HP and Dell turn in decent results

Summary:Hewlett-Packard, the world's largest computer company, has just turned in a decent set of financial results, with fourth quarter turnover up by 8% to $33.3 billion, and net profits by 5% to $2.

Hewlett-Packard, the world's largest computer company, has just turned in a decent set of financial results, with fourth quarter turnover up by 8% to $33.3 billion, and net profits by 5% to $2.5 billion. For the full year, HP's turnover grew by 10% to $126 billion, and net profits by 14% to $8.8 billion. Results beat Wall Street projections.

The main takeaway from the results is that businesses are spending more money while consumers are not. For example, sales of Enterprise Storage and Servers (ESS) were up 25% in the fourth quarter, with sales of ESS blades up 51%. In the Personal Systems Group, HP said: "Notebook revenue for the quarter was down 3% from the prior year period, while Desktop revenue increased 13%. Commercial client revenue was up 20%, while Consumer client revenue declined 10%."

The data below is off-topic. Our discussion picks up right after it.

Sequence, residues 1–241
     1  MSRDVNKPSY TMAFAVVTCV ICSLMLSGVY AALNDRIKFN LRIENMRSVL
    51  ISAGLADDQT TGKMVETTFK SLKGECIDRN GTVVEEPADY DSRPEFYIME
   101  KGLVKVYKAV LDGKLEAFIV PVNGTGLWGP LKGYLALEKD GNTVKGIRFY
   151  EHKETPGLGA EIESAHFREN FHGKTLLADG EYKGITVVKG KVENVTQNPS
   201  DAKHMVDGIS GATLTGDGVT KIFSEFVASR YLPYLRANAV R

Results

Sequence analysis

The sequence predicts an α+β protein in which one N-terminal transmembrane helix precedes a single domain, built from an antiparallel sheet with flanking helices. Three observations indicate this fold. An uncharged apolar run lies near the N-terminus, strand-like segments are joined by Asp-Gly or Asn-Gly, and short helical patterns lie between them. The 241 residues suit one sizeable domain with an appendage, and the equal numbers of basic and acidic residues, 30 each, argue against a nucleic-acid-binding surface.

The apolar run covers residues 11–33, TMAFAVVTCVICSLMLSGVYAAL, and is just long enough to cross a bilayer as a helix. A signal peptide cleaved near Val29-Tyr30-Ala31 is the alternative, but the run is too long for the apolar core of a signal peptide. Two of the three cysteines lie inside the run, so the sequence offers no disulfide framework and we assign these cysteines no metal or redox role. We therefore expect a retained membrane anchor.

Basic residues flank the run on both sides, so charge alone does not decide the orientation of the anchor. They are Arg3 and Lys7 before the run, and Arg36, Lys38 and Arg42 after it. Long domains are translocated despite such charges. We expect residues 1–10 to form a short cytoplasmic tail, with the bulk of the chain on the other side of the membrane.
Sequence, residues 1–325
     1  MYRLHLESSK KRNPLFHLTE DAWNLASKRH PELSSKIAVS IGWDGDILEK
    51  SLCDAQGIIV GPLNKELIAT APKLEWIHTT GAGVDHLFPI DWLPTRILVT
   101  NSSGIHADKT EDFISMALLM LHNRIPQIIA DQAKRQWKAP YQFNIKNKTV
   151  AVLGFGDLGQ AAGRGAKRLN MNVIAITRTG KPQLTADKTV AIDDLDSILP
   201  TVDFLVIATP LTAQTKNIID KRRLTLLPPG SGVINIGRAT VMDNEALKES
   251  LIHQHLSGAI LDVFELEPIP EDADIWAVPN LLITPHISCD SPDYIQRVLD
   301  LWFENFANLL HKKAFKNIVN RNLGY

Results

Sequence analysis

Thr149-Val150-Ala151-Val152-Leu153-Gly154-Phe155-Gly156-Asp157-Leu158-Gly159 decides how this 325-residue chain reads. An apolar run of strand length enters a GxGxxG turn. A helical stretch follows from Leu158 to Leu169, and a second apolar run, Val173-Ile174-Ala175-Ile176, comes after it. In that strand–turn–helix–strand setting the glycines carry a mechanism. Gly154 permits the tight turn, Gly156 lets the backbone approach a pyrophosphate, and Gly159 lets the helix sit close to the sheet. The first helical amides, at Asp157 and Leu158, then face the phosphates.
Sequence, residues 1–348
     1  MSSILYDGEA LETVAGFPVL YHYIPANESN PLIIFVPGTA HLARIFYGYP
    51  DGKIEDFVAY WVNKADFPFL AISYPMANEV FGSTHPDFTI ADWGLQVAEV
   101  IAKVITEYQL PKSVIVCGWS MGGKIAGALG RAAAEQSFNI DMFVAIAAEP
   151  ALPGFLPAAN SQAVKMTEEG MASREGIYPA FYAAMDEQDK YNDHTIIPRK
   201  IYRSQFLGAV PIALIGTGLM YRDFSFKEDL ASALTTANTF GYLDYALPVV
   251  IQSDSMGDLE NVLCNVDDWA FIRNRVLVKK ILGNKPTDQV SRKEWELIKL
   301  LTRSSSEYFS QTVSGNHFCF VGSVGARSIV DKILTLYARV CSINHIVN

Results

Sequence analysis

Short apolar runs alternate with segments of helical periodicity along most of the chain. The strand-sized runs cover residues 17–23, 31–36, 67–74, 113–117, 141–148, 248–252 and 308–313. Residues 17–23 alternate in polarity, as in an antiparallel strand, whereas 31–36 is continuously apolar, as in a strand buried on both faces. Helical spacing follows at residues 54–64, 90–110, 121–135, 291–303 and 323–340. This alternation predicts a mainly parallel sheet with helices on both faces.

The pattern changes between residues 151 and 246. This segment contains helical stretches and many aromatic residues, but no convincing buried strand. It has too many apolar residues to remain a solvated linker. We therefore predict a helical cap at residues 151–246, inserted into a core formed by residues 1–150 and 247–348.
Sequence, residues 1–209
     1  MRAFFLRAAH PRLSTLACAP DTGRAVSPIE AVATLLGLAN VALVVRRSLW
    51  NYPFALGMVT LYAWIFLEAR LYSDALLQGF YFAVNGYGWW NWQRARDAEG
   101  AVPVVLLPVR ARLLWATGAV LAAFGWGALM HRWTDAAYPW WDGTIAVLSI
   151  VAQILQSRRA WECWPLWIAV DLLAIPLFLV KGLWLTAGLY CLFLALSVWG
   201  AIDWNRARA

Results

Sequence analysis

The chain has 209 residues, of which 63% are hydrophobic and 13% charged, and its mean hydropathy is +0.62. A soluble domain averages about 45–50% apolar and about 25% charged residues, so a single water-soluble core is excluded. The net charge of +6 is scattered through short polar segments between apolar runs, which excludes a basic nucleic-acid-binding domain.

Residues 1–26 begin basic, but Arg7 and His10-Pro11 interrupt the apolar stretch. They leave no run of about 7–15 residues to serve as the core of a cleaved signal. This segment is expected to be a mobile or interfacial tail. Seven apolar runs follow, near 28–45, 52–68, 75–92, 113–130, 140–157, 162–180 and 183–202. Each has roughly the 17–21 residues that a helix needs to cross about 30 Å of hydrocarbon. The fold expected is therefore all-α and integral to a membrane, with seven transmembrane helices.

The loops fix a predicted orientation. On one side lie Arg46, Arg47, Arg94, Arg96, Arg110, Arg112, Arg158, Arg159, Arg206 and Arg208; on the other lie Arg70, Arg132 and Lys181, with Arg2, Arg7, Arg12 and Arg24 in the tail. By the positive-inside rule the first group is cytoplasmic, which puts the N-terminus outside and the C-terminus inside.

Dell also "beat the street" with record third quarter earnings that increased by 19% to $15.4 billion, with profits jumping 144% to $822 million. Dell benefited from strong sales to business users -- up 24% -- but even its consumer business increased sales by 4% to $3 billion.

Dell said it "streamlined its Consumer offerings to three brands: Inspiron, XPS and Alienware during the quarter". This signals the end of the design-oriented and style-conscious Studio and Adamo ranges and a return to a focus on price-performance.

Both Dell and HP are benefiting from what looks like the start of a corporate refresh cycle driven partly by the move to Microsoft Windows 7. It doesn't mean that boom times are ahead, but it may mean that they can ride the recession without too much pain.

Topics: Tech Industry

About

Jack Schofield spent the 1970s editing photography magazines before becoming editor of an early UK computer magazine, Practical Computing. In 1983, he started writing a weekly computer column for the Guardian, and joined the staff to launch the newspaper's weekly computer supplement in 1985. This section launched the Guardian’s first webs... Full Bio

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